Nguyen and Kambhampati argue that "the prevailing pessimism about the scalability of partial order planning (POP) algorithms" is perhaps unwarranted (Nguyen, 1). The pair seem to regret that research on POP algorithms seemed to stop (around 5 years prior) and make that point that advances in "heuristic state space planners … and CSP-based planners" like Graphplan are perhaps "(mis)interpreted as establishing the supremacy of state space and CSP-based approaches over" those of the POP variety (Nguyen, 1).

As evidence of their claim, they created RePOP, which is a partial-order planner based on UCPOP. But the novelty of RePOP lies in the authors' "key insight … that the techniques responsible for the efficiency of the currently successful planners … can also be adapted to dramatically improve the efficiency of the POP algorithm" (Nguyen, 1).

The techniques they applied to RePOP that other strategies had applied, "distance based heuristics, disjunctive representations for planning constraints and reachability analysis," led to outstanding results in "several 'parallel planning' domains" (Nguyen, 6). In fact, since in general, partial ordered planners are more flexible than their CSP counterparts, they obtained greater flexibility than Graphplan, while also outperforming it in most of their experiments (Nguyen, 5-6). The performance increase wasn't slight however- in one problem that RePOP took less than 3 seconds to solve, Graphplan took 47 minutes. On average, when GraphPlan could solve a problem within 3 hours or without using all 250 MB of memory, it still took around 10 times longer than RePOP to find a solution (Nguyen, 5).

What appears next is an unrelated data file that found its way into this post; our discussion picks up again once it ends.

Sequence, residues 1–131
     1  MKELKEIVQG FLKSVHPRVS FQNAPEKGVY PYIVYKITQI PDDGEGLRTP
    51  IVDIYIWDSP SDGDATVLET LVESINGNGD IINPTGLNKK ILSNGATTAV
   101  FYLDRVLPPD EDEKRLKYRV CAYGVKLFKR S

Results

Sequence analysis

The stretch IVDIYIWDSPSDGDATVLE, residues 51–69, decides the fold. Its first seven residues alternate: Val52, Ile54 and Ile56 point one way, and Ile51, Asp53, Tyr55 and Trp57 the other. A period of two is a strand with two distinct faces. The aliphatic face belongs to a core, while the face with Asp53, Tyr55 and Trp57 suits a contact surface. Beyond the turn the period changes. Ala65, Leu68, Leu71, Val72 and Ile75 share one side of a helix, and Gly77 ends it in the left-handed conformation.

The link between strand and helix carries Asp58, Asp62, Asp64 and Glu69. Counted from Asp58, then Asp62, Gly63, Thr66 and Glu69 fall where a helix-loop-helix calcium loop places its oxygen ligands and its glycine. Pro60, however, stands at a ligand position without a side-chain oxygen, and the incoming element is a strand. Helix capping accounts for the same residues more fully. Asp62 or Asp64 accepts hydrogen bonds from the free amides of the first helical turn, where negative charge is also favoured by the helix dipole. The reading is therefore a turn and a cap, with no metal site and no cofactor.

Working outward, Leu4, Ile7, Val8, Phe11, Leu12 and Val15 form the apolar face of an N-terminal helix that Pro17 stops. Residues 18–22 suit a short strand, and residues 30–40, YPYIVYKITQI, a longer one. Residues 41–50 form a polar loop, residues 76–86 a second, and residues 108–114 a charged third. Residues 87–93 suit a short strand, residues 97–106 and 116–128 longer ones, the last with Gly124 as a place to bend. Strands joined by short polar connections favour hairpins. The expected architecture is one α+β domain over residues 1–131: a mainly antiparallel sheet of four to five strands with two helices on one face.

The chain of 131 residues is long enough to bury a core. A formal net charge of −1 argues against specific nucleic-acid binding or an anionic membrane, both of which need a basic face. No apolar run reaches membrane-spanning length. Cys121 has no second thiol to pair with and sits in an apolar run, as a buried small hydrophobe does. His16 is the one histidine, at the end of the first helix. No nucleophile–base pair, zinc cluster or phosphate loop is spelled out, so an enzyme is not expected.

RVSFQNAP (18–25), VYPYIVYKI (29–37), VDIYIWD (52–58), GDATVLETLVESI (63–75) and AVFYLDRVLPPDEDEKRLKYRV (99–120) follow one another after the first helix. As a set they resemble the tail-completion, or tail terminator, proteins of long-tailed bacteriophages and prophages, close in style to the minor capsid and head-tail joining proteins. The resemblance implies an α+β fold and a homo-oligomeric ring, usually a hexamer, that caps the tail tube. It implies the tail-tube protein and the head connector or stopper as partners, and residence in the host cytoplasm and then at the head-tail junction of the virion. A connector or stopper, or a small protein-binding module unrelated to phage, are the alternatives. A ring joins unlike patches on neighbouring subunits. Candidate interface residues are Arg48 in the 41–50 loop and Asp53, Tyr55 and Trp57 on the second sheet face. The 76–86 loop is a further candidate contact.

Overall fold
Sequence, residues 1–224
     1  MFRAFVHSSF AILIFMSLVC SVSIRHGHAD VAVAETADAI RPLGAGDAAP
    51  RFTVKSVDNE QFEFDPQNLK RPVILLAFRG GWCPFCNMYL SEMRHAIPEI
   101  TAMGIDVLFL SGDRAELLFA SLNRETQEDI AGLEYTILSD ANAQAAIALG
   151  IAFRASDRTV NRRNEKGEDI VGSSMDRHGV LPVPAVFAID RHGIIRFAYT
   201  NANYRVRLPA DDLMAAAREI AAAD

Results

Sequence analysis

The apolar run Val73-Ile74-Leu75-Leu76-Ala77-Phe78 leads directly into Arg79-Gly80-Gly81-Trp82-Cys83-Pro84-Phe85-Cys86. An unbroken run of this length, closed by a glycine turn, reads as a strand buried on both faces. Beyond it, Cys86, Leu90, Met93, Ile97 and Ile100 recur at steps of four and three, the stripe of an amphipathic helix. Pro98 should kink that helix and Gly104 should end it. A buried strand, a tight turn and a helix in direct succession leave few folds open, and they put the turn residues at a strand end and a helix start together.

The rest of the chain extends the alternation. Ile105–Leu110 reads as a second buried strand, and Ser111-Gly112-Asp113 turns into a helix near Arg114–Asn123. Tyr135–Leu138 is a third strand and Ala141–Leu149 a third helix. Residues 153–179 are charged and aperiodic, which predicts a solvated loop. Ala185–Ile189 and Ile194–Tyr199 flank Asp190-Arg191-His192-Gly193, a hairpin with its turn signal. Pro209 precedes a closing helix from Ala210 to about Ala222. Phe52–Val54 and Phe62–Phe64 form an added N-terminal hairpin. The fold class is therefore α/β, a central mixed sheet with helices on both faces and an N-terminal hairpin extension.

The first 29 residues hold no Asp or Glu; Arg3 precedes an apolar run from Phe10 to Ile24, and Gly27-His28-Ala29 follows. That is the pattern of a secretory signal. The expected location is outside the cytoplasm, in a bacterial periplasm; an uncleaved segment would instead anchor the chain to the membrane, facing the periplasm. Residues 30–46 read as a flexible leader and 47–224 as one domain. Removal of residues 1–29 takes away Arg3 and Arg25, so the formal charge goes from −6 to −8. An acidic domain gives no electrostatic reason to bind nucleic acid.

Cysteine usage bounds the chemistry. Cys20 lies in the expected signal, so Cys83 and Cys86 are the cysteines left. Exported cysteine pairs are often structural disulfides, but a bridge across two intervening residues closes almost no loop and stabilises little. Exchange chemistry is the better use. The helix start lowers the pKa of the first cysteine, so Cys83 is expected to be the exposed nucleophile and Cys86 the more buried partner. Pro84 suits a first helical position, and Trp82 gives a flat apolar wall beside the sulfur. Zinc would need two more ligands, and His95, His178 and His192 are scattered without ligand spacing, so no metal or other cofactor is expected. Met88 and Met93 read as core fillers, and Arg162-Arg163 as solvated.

The systems described above have a common link in that they are all focused on generic problems. However, it should be noted that in some domains, such as medicine, planners of these sorts do not tend to work well. As a consequence, great improvements – in performance and in accuracy – can be made by building a planner that can be supplied with domain-specific information (Miksch). Despite the interesting nature of such systems, covering planners of that sort is outside the scope of this paper, and I now turn to the second task of this report – building a partial order planner in Ruby.